OBJECTIVES: Postpartum education on contraceptive use is a routine component of discharge planning in many different countries with a wide variety of health care systems. This education is based on assumptions concerning women's receptivity to contraceptive education during the postpartum period and their presumed lack of access to such education after that time. The objective of this review is to assess the effects of education about contraceptive use to postpartum mothers. SEARCH STRATEGY: We searched the Cochrane Controlled Trials Register, MEDLINE, EMBASE, CINAHL, Psychlit, Popline, citations indexes and reference lists of relevant articles. We contacted subject experts to locate additional research, in addition to the Group's Specialised Register of Controlled Trials. Date of the most recent search: April 1999. SELECTION CRITERIA: Trials using random or quasi-random methods of allocation which evaluated the effectiveness of postpartum education about contraceptive use. DATA COLLECTION AND ANALYSIS: Two independent reviewers abstracted data on trial characteristics and results. MAIN RESULTS: Three trials were identified with 5438 women. These trials were conducted in Lebanon, Peru and Nepal. None of the trials examined all major prespecified endpoints. Postpartum education about contraceptive use influenced short-term use assessed between 40 days and three months post-partum. Women in the intervention groups were less likely to be non-users than women in the comparison groups (Odds Ratio (OR) = 0.47, 95% Confidence Interval (CI) 0.39 to 0.58). This benefit was not apparent following analysis of data from better quality studies (OR = 0.67, 95% CI 0.41 to 1.13). An apparent benefit on contraceptive use at six months post-partum (OR = 0.52, 95% CI 0.37 to 0.74) was not apparent following sensitivity analyses (OR = 0.59, 95% CI 0.33 to 1.06). Data are inadequate to assess the impact on cessation of breast feeding and non-attendance at family planning clinics. Unplanned pregnancies, knowledge about contraception and satisfaction with care were not assessed in any trial. REVIEWER'S CONCLUSIONS: The effectiveness of postpartum education about contraceptive use has not yet been established in randomised controlled trials. Such education may be effective in increasing the short-term use of contraception. However, there are only limited data examining a more-important longer-term effect on the prevention of unplanned pregnancies. Research needs to be undertaken to assess the effectiveness of the minimalist education provided in more developed countries and the variety of programs provided in less developed regions. Such research should examine the content, timing, range and organisation of postpartum education on contraceptive use, as well as its impact on breast feeding rates.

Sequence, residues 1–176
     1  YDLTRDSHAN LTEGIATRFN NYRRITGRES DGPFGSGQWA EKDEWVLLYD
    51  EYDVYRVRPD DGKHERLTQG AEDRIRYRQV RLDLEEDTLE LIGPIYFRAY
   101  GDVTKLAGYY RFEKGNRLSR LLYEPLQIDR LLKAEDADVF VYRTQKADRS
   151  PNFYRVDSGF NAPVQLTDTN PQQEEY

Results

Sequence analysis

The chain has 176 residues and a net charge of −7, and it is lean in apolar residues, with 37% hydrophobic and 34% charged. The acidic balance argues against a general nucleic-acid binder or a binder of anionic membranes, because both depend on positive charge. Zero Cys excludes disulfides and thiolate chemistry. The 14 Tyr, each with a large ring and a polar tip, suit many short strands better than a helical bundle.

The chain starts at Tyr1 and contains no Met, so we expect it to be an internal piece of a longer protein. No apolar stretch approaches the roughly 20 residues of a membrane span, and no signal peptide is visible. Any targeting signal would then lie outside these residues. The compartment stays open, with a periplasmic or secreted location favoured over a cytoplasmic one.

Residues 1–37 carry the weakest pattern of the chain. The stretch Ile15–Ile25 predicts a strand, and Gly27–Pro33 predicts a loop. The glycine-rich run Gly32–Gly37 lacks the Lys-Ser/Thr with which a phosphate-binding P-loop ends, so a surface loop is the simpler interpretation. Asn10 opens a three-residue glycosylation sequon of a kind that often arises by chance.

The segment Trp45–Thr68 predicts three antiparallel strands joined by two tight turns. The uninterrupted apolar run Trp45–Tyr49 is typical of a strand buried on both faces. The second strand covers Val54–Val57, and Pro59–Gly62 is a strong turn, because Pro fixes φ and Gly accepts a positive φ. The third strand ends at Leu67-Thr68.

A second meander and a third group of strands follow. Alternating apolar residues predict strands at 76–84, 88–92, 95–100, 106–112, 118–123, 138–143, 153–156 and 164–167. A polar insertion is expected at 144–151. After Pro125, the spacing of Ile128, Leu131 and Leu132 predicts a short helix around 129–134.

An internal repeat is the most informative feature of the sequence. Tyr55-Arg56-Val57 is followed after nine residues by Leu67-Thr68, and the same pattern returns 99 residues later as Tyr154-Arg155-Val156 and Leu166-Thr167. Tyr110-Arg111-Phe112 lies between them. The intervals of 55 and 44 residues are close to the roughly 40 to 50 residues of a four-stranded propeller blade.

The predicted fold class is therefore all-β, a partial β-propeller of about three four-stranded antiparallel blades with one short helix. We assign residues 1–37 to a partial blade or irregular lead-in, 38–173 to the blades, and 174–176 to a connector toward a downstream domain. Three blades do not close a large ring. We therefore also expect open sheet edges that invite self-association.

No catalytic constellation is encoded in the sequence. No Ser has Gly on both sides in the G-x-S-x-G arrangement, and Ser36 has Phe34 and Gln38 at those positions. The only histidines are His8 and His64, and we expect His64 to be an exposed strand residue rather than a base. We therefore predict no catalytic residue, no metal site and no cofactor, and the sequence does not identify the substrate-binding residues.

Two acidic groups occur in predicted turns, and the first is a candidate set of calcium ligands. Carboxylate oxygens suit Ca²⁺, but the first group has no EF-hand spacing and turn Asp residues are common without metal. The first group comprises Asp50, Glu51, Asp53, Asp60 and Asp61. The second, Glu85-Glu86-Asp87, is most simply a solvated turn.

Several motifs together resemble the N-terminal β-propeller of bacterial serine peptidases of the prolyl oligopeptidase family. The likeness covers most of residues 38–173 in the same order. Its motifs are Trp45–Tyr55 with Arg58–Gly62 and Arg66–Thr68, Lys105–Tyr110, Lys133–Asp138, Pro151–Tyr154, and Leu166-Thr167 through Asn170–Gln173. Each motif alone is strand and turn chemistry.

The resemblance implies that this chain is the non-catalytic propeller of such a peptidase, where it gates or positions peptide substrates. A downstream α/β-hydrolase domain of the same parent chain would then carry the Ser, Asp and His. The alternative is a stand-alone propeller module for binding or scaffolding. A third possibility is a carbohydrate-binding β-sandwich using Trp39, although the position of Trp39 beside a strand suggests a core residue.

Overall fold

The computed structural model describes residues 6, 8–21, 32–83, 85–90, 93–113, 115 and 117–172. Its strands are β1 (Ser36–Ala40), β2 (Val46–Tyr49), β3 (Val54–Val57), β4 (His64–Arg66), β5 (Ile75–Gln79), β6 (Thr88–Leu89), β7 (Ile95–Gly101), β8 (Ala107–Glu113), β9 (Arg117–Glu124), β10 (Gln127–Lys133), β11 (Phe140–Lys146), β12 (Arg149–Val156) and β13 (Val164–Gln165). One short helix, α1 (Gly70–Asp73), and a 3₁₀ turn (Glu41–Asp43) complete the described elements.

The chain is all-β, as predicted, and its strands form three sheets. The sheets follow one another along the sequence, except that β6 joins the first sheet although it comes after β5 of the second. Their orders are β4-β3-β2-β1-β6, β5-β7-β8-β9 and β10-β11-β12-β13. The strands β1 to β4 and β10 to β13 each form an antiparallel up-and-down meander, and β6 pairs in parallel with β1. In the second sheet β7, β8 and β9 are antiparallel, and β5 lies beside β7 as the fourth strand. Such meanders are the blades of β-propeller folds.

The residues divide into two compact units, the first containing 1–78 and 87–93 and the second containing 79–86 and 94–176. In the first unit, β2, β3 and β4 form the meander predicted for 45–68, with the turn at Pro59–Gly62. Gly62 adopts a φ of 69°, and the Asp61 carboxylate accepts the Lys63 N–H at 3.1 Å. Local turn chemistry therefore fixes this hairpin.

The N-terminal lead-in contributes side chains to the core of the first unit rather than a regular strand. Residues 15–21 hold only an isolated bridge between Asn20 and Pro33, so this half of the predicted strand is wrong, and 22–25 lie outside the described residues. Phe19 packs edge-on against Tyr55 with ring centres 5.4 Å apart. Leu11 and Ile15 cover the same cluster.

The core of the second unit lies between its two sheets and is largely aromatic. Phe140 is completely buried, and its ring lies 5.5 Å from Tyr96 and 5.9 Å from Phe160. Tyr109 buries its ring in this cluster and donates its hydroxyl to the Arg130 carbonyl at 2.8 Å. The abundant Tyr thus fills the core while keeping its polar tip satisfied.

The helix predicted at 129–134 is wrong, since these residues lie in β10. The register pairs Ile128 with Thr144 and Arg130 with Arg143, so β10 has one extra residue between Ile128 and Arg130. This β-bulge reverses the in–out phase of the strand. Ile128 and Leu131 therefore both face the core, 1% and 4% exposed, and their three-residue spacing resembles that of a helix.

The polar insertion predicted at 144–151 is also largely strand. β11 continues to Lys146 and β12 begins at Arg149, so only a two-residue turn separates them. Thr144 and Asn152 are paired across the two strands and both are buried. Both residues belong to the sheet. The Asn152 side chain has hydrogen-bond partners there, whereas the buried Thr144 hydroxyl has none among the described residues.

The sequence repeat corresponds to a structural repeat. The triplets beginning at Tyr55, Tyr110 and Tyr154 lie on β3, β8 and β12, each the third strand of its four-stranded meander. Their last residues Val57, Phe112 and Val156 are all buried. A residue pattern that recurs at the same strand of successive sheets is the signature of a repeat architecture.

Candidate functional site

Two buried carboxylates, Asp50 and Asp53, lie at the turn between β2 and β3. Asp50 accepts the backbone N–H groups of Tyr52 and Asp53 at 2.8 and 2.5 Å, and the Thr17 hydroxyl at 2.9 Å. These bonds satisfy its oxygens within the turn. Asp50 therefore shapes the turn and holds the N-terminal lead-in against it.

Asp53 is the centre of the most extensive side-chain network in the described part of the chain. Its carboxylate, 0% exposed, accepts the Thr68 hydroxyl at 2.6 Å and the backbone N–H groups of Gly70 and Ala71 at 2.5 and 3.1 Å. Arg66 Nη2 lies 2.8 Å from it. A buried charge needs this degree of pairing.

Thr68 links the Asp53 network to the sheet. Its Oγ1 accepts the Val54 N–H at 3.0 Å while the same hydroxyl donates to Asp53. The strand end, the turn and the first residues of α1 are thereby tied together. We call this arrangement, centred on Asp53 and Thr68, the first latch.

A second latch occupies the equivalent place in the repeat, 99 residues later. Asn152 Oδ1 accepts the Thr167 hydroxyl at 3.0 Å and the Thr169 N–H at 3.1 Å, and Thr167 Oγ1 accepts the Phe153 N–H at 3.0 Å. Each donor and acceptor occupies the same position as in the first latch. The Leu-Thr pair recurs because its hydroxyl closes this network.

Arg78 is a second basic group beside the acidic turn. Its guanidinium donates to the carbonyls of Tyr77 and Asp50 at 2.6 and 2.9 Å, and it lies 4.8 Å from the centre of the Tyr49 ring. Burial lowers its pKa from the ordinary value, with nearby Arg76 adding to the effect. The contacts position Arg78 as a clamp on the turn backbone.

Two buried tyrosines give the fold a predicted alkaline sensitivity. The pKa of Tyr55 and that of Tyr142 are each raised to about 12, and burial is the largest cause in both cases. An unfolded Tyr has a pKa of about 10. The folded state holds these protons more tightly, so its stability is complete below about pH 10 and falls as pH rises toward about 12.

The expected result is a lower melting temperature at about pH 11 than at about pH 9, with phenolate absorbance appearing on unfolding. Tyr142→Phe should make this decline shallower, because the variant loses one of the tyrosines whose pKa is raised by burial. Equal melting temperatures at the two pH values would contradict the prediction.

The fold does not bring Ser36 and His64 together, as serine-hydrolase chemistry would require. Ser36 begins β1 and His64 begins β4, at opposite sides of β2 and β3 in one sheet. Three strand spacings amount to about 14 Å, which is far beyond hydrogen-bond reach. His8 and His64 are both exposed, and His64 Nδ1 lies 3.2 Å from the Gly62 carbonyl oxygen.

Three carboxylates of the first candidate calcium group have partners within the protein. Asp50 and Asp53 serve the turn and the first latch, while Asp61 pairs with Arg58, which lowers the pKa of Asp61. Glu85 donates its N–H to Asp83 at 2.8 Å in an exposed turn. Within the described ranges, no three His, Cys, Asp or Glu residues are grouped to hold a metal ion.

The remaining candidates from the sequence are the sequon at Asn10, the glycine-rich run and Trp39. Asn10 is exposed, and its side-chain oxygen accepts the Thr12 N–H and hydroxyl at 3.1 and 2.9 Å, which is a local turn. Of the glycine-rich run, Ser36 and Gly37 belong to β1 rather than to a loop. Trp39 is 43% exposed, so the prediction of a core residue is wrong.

|Journal||Cochrane database of systematic reviews (Online)|
|Publication status||Published - 1 Jan 2000|
ASJC Scopus subject areas
- Pharmacology (medical)